New details emerge about Coliseum replacement plan

Jeremy M. Lazarus | 12/20/2019, 6 a.m.
Richmond City Council President Cynthia I. Newbille, rushing to get the governing body to vote on the $1.5 billion Coliseum …
Richmond Coliseum

Richmond City Council President Cynthia I. Newbille, rushing to get the governing body to vote on the $1.5 billion Coliseum replacement plan in late February, authorized a $25,000 increase in the contract for a private consultant to conduct a review of the proposal for City Council without first gaining a council vote, the Free Press has learned.

Information on the higher cost was obtained as other details about the Coliseum development proposal surfaced, including the results of the first professional poll on the project that shows two-thirds of 5th District residents polled are opposed to the project.

A separate report also indicates it could take up to 20 years for the city’s general fund to see substantial financial returns from the development.

Dr. Newbille

Dr. Newbille

Dr. Newbille could not immediately be reached for comment on her authorization of the award of a more expensive contract to C.H. Johnson Consulting Inc. of Chicago. The consulting firm inked a $215,000 contract with the city on Monday in exchange for agreeing to an earlier completion of its report.

A draft timeline that Dr. Newbille distributed to City Council last week calls for Johnson Consulting to sub- mit its preliminary report on Friday, Jan. 31, to present the findings to the council on Monday, Feb. 3, and to submit its final report by Monday, Feb. 10. That’s two weeks before City Council is to vote on the proposal on Monday, Feb. 24.

Originally, City Council set aside $190,000 in the budget to pay for a consultant, which, according to the city’s advertisement, would have 90 days to review the massive plan backed by Mayor Levar M. Stoney. The Navy Hill District Corp., led by Dominion Energy’s top official, Thomas F. Farrell II, proposed the Coliseum plan and the Navy Hill group would carry it out.

The council held its last meeting on Dec. 9 and did not take up the question of increasing the consulting contract amount, even during a pre-meeting informal session. The council is not scheduled to hold another work session prior to a meeting of the Organizational Development

Committee set for Monday, Jan. 6. Meanwhile, the Free Press obtained a copy of a poll that the respected American Research Group of Manchester, N.H., conducted Dec. 13 to 16 among a random sample of 400 residents of the 5th District represented by new City Councilwoman Stephanie Lynch.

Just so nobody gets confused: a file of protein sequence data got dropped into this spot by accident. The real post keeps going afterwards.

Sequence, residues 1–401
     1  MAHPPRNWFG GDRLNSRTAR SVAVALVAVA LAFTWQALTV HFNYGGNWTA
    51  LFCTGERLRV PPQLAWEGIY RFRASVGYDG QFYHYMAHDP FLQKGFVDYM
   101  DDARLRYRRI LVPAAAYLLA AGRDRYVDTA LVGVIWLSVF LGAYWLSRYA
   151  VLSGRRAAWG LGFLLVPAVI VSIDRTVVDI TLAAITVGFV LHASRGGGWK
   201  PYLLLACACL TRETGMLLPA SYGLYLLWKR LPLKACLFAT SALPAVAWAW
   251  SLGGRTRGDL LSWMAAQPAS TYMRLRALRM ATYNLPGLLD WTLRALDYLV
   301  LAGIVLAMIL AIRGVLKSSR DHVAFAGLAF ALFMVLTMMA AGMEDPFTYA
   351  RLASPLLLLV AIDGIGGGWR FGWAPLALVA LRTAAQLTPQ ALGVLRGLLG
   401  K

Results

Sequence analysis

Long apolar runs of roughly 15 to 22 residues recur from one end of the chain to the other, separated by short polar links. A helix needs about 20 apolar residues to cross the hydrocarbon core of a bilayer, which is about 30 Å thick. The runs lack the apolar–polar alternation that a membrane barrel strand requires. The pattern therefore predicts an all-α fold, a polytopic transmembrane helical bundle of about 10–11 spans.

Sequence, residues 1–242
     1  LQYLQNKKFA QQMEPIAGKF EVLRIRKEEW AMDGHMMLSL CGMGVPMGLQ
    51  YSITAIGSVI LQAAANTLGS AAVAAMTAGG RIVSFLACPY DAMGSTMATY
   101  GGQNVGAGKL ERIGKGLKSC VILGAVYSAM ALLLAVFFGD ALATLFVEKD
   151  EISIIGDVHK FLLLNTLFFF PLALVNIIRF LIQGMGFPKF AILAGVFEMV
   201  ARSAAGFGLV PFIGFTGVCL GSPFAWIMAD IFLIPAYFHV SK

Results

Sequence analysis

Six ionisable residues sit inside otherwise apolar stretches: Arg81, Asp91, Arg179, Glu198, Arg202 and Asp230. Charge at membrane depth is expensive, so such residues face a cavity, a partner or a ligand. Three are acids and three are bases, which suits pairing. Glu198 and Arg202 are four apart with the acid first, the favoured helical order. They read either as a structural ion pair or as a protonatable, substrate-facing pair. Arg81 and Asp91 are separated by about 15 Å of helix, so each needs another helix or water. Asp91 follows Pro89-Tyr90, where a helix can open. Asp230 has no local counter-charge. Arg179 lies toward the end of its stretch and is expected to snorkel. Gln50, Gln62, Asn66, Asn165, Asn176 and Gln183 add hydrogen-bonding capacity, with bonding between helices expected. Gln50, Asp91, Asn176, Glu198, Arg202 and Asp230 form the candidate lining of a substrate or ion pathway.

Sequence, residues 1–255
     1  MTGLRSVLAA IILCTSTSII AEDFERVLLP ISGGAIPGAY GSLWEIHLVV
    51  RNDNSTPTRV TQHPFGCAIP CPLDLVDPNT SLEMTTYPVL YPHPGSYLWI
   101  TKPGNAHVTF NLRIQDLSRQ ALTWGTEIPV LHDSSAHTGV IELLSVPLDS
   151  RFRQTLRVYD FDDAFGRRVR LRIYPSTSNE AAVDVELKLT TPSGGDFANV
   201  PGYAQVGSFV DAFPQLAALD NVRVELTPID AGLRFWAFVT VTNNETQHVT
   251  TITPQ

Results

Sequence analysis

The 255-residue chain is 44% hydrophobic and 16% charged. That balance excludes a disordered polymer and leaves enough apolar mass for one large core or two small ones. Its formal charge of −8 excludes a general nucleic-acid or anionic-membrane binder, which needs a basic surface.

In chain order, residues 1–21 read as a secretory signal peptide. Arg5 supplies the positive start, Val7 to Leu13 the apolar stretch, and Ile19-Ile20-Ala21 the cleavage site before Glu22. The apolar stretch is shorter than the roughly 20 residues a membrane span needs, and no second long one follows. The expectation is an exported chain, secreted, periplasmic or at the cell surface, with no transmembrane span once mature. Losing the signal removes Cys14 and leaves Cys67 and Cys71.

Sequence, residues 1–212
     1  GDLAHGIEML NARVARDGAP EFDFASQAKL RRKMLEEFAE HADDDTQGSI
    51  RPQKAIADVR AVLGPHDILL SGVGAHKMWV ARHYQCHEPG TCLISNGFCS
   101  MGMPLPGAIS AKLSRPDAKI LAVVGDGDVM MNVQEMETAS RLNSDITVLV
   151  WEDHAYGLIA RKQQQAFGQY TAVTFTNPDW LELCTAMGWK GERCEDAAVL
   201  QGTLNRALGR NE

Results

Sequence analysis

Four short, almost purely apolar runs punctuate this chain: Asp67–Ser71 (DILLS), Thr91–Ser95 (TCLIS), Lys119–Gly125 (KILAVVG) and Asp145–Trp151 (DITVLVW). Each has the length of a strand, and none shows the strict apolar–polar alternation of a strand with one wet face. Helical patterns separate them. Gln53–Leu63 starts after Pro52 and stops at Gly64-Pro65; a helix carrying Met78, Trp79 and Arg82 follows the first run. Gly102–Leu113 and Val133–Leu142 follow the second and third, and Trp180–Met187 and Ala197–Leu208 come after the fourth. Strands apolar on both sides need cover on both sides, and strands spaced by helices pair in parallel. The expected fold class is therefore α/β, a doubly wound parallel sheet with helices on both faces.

The results released Tuesday show that 63 percent of respondents oppose the proposed Coliseum and Downtown development project, while 34 percent support it and 3 percent are undecided. ARG said the results have a margin of error of 5 percentage points.

The Free Press was provided a copy of the poll on the condition that the client hiring ARG not be identified.

The Free Press also was told the firm will be conducting polls in other council districts in the coming weeks.

In the poll, ARG also found that 86 percent of those sampled favor allowing Richmond residents to vote on the development proposal rather than leaving the decision to City Council.

Separately, the council’s Navy Hill Development Advisory Commission received at its Dec. 14 meeting an updated estimate of the cost and benefits to taxpayers prepared by the commission’s vice chairman, John Gerner, an entertainment business consultant.

According to Mr. Gerner’s figures, which are based on information provided from the Navy Hill District Corp. and its consultants, taxpayers would invest at least $272.3 million over 28 years to pay for a new arena.

Mr. Gerner’s figures also indicate that the city’s general fund would not begin to see a substantial return on the investment for 18 to 20 years. The $272.3 million would come from the future increases in real estate taxes that are projected from an 80-block area of Downtown to repay the cost of the new Coliseum, includ- ing interest. The 80-block area includes the 10-block, city-owned project area in Downtown around the new Coliseum development of hotel, apartments, offices and businesses.

According to Mr. Gerner’s figures, if all went well and the proposed development had the impact Mayor Stoney and Navy Hill District Corp. envision, the city’s general fund would finally see significant return in year 20 after the bonds are paid off.

According to his numbers, the city could generate between $51 million and $62 million a year for the general fund beginning in 2039, if the projected development scenario worked out.

The commission held its final hearings this week and is expected to issue its report to the council next Monday, Dec. 23.